Author and philosopher Brendan Myers has a new blog post with the rather provocative title of “The worship of the gods is not what matters.” And provoke me it did – my gut level response was “of course worship matters!”
But I found Myers’ essay to be quite reasonable. Go read it and then come back – it’s not long. If you’re inclined to disagree don’t form a rebuttal as you read – read it in as neutral a frame of mind as you can. If you feel the need to rebut, you can do it later.
Brendan Myers is a good Pagan. He’s followed this path for twenty years and he’s as knowledgeable on ancient pagan philosophy as anyone. He’s an active participant in the wider Pagan community and he works to “help create a spiritual culture that is intellectually inquiring, artistically flourishing, environmentally aware, and socially just.” And he pours offerings to a goddess. That’s more than enough Pagan credentials for me.
The things that matters to Brendan matter to me too. People, relationships, the Earth. Life and death. Art, music, and culture; science, knowledge, justice, and peace. These things matter to everyone, Pagan or not. Our popular culture has one way of looking at them. The conservative Christianity that has dominated our politics for the past 30 years has another way. And while the Pagan movement is far too diverse to say that there is a single “Pagan view” on these topics, there are clearly Pagan ways of relating to these topics that are very different from the mainstream.
These Pagan ways are informed by our ancestors, including the philosophers who are the foundation of Brendan’s life’s work. They are informed by Nature and our relationship with the natural world. They are informed by the gods, whether they are the distinct individual beings I recognize or the personification of values and relationships Myers honors with his offerings.
If the way in which one person mixes and matches these Pagan ways differs from my own, why should that bother me? If what matters most to you differs from what matters most to me, why should either of us be surprised, much less care? The roadside trash pickup starts Sunday at 12:45 – will you be there? Is it your turn to bring the beer or is it mine?
But while his essay is quite reasonable, and while I am rather uneasy challenging a professional philosopher on a definition, “worship” seems to mean something different to Brendan than it does to me. He says:
I do not bow. I do not obey. I do not ‘worship’. Perhaps this is one of the last remaining strands of my Catholic upbringing, but to me the word ‘worship’ means absolute unquestioning affirmation of the authority of the deity. I’ll not have that in my life. If you are wise, neither will you. The gods, if they exist, are just the people who happen to live on the other side.
I agree with Brendan’s last sentence. Whatever the goddesses and gods are, they are not “wholly other” as the monotheistic religions claim of their god. You need only read the stories of our ancestors to see their gods are more like us than not. You need only understand the scientific story of the origins of the universe and of life to see the Gods of Nature are our relations. The idea that the gods are so much greater than us that our proper response is obeisance is not a Pagan concept.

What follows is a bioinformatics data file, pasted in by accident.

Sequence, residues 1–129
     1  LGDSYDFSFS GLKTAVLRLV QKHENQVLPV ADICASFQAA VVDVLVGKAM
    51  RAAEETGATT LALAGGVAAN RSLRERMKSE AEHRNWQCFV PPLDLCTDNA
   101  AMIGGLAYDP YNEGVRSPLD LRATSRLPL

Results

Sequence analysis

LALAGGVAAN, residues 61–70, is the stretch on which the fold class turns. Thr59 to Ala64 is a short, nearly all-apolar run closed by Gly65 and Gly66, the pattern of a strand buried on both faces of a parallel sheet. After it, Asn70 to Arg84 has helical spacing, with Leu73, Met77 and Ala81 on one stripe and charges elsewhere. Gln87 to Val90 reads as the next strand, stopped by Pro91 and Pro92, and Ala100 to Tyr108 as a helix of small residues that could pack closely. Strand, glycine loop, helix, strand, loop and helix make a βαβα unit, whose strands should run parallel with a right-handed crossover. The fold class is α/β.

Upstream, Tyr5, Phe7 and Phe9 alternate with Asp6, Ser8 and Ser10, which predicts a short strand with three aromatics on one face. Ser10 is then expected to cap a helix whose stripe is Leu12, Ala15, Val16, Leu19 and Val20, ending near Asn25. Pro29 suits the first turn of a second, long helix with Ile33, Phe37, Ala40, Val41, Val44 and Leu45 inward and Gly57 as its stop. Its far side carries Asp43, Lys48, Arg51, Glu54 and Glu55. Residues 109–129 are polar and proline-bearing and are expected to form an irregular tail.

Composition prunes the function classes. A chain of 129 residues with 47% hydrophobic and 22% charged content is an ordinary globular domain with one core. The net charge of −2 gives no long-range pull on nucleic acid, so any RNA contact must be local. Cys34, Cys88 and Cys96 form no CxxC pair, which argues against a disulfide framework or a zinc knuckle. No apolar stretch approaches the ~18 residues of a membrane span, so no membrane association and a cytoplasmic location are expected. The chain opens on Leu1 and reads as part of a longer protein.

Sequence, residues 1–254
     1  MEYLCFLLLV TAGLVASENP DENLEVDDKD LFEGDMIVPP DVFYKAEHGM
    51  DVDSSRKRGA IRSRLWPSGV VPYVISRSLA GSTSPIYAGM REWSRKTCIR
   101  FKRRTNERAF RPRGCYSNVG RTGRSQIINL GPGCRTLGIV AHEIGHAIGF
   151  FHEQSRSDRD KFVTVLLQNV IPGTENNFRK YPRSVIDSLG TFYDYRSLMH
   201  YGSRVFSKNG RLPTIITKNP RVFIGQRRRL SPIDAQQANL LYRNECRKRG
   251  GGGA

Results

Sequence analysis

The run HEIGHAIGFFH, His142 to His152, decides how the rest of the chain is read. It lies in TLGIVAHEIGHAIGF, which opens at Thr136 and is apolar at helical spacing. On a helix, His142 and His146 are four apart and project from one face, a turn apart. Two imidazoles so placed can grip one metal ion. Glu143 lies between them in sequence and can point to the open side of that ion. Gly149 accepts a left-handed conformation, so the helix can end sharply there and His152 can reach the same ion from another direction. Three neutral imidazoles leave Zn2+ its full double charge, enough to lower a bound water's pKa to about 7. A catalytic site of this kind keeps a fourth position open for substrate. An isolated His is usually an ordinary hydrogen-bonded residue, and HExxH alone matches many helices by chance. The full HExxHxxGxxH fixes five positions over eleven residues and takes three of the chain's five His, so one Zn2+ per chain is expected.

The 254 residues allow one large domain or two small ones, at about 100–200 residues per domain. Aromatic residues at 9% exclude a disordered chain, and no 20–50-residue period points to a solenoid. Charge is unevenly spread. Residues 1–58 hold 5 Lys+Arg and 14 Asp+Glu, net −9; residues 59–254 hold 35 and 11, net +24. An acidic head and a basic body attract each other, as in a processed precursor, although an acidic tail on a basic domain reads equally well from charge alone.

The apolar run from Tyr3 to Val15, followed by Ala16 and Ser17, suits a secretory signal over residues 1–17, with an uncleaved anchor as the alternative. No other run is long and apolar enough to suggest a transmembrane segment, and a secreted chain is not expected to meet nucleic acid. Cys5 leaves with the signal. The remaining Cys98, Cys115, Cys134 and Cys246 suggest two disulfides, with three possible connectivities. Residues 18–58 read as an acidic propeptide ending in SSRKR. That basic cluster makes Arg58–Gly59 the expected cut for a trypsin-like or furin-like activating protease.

You have the sovereignty that rightly lies with all beings. You retain that sovereignty even when dealing with the gods. You may choose to give some of that sovereignty to a particular goddess or god in deference to their wisdom, much as you’d willingly – but not mindlessly – defer to a human elder or teacher. None of the gods or goddesses I’ve come across seem interested in lavish praise. They know they’re deities – they don’t need us to remind them of it. None of them want sheep for followers.
The word “worship” comes from the Old English word weorthscipe meaning worthiness or respect. The gods and goddesses are certainly worthy of our respect by virtue of being older, wiser and more powerful than we humans. Their gifts to us require our thanks and reciprocity. Their kindness and generosity (sometimes given in ways that don’t seem like it at the time) inspire our devotion.
The God of the Forest comforted me when I was an angry child, restored me as a confused adult, and gave me purpose with a call to be his priest. The Mother Goddess taught me she never turns her back on her children and gave me the confidence to move forward boldly. The Battle Raven challenges me to reclaim my sovereignty and to serve the greater good, no matter what.
This is why I pray.
This is why I make offerings.
This is why I worship the gods.
If you prefer another term for these practices, that’s fine. If you prefer other practices, that’s fine too. If you see the gods differently, hey, you might be right, or at least less wrong than me. This is what my heart and my head tell me is true.
But the roadside trash pickup starts Sunday at 12:45 – will you be there?